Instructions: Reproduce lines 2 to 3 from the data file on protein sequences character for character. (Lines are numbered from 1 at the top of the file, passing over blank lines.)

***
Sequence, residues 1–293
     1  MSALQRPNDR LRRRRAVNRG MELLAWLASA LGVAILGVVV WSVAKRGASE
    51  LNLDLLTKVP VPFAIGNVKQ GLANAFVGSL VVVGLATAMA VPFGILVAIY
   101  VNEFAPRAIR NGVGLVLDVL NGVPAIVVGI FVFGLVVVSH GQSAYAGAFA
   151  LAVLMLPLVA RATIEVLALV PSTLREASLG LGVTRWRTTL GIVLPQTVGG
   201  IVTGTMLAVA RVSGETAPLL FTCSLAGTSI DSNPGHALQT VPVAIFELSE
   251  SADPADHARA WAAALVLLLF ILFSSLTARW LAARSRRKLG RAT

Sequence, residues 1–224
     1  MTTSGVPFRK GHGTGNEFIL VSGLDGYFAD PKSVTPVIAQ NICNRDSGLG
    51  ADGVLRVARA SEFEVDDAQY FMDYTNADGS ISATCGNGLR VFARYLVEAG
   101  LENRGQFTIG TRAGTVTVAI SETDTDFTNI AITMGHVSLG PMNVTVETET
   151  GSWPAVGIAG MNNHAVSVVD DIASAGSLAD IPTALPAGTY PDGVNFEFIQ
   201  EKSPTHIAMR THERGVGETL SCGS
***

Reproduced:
     1  MSALQRPNDR LRRRRAVNRG MELLAWLASA LGVAILGVVV WSVAKRGASE
    51  LNLDLLTKVP VPFAIGNVKQ GLANAFVGSL VVVGLATAMA VPFGILVAIY